I can save $74,500 via my solo 401K per year.  $52,000 for myself and $22,500 via my wife as my "employee" for total of $74,500, this time 10 years is $745,000, plus I have $300,000 already which gives my retirement savings money at the 10 year mark $1,045,000.  Seeing this grow to $1.5 million over the course of 10 years seems very doable.  Plus I will be saving an additional $90,000 of after tax money and either A) paying down my mortgage or B) investing in taxable equity accounts or C) investing in rental property, depending on how I feel.  I will likely start paying down the mortgage fairly aggressively so that come the 10 year mark, I'll be mortgage free and have my retirement accounts, plus taxable accounts, plus investment properties.  So I think I'd be in a good position at that point.  But everyone hear says to stuff my 401K so that's what I'm going to do!!!!!!!!!!!!!!!!!!

aschmidt2930

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While I agree with the posts above, I don't think your plan is crazy.

What if the loophole is closed?  I doubt it will happen for existing contributions, but it's not impossible.  You'll need to shift 60k per year from Traditional to Roth to pull off your spending, five years before you retire.  What will your tax rate look like with that included?  You pay normal income taxes on the conversion.  I'm pretty confident that number will still point you towards going tax deferred, but the difference could sway your opinion.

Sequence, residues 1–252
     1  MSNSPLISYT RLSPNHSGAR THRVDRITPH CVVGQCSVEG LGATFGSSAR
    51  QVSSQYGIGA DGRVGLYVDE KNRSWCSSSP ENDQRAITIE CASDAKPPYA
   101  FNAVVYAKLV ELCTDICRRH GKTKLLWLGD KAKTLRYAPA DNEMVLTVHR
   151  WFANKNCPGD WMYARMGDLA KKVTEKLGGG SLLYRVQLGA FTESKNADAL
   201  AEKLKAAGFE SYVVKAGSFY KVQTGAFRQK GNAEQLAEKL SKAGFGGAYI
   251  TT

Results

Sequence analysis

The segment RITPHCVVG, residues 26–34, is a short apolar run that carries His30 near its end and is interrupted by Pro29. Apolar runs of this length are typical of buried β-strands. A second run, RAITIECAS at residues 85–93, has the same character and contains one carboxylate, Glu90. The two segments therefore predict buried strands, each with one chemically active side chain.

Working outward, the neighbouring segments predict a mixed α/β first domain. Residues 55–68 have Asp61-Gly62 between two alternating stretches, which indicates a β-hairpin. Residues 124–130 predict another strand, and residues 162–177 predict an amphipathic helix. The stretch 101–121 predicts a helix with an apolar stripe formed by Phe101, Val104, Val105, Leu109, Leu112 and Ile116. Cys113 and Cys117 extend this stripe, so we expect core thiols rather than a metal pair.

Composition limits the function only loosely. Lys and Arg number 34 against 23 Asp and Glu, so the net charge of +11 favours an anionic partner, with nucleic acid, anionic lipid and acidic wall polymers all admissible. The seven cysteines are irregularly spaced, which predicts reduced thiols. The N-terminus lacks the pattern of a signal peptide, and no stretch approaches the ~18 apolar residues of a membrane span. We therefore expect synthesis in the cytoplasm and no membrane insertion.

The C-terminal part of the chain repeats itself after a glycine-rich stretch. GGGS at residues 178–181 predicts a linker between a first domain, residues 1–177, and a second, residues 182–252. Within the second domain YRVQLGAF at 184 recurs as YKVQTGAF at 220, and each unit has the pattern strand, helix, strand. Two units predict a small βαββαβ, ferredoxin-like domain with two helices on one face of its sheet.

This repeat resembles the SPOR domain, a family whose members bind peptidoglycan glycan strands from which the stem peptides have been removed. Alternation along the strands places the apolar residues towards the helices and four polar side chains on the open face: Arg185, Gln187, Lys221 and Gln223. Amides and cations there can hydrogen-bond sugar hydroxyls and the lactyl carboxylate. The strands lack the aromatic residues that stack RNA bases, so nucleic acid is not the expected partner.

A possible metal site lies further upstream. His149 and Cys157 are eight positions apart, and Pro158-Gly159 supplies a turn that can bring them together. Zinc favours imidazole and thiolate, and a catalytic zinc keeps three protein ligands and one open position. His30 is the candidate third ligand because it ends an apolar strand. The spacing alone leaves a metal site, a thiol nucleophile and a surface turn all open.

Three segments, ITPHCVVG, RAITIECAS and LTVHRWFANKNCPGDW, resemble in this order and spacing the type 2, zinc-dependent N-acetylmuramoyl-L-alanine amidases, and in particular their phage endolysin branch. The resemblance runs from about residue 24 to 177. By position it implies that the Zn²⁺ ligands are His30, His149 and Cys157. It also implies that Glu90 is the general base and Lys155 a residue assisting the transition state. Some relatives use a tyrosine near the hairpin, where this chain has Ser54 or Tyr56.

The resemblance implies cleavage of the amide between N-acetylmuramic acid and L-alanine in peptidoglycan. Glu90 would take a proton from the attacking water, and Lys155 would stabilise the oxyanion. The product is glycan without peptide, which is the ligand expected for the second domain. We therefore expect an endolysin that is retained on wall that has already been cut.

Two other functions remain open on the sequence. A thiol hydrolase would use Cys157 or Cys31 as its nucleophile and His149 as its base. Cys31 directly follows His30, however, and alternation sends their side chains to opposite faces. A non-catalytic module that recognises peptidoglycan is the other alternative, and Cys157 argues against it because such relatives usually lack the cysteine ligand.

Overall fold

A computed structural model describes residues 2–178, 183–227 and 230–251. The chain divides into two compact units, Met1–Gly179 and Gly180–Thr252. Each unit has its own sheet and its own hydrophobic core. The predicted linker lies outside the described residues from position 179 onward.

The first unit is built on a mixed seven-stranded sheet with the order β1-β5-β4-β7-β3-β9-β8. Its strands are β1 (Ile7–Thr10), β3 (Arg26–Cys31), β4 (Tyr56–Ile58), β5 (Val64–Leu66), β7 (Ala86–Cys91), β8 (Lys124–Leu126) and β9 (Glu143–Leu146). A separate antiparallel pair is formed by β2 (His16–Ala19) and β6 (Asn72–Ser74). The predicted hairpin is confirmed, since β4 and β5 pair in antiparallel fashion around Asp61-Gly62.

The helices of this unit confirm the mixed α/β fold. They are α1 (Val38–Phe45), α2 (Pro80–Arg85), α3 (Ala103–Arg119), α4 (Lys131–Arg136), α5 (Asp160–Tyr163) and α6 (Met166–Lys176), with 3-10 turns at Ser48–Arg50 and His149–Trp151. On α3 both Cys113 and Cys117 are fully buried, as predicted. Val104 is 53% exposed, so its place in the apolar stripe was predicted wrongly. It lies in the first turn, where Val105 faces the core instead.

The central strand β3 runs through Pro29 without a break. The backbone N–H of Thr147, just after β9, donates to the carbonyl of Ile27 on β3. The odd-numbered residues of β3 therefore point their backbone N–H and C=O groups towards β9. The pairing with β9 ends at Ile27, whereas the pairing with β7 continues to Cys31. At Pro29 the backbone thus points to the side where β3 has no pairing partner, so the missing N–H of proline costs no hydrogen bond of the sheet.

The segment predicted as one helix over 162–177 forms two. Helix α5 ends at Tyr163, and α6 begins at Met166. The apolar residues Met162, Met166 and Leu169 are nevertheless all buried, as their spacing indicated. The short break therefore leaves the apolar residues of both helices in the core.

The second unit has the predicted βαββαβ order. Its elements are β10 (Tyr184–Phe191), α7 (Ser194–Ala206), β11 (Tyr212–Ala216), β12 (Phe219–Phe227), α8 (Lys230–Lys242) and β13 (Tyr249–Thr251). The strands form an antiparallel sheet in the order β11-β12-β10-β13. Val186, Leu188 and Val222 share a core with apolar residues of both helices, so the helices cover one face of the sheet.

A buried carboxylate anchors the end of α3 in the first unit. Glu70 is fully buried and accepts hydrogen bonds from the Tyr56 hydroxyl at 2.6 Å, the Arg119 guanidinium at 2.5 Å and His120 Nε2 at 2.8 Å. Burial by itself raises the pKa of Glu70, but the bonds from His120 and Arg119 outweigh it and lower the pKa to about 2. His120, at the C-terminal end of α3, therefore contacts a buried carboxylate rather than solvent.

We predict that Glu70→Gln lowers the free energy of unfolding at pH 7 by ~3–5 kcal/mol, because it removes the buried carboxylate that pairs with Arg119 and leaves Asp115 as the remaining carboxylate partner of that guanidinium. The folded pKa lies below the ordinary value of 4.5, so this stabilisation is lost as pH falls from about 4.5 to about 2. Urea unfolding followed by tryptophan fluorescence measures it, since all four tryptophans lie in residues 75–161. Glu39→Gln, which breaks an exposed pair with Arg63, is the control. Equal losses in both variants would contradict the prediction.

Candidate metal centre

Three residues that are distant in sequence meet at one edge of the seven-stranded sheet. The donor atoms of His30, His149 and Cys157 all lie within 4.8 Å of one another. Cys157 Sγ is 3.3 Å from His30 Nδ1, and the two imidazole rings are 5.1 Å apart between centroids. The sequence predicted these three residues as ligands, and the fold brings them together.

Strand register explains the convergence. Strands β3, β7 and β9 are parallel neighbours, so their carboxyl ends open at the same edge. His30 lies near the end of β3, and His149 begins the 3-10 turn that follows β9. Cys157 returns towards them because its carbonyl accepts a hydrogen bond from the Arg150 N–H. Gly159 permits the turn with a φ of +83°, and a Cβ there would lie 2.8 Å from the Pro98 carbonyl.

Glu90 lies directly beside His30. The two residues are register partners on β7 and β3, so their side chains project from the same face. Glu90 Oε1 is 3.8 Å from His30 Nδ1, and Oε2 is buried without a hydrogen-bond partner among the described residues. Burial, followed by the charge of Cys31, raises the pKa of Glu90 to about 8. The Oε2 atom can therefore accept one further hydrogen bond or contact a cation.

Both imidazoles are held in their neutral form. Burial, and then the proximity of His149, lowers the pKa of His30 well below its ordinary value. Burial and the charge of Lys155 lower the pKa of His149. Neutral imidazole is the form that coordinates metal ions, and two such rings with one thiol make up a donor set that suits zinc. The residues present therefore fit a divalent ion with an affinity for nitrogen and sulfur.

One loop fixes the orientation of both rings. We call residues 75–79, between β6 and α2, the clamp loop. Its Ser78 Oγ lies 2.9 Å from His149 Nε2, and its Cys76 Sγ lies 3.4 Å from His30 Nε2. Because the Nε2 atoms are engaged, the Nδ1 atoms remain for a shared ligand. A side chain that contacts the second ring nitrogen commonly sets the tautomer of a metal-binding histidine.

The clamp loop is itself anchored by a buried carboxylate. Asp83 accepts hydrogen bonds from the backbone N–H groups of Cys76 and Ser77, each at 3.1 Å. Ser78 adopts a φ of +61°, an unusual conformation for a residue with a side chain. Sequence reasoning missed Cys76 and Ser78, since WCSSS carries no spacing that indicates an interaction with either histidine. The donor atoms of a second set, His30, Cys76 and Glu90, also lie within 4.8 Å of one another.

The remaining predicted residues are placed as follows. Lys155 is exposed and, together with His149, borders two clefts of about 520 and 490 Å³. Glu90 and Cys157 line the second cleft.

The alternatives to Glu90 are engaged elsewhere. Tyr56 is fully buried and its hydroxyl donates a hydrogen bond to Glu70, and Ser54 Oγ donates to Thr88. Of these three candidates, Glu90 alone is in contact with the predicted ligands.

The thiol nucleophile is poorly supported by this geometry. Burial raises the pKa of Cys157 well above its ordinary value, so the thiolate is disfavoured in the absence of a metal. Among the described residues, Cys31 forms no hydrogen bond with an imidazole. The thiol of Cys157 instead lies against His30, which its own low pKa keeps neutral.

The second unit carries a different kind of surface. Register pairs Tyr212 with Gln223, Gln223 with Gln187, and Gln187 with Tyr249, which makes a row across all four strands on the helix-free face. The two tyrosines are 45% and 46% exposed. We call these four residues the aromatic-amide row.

Common sense

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While I agree with the posts above, I don't think your plan is crazy.

What if the loophole is closed?  I doubt it will happen for existing contributions, but it's not impossible.  You'll need to shift 60k per year from Traditional to Roth to pull off your spending, five years before you retire.  What will your tax rate look like with that included?  You pay normal income taxes on the conversion.  I'm pretty confident that number will still point you towards going tax deferred, but the difference could sway your opinion.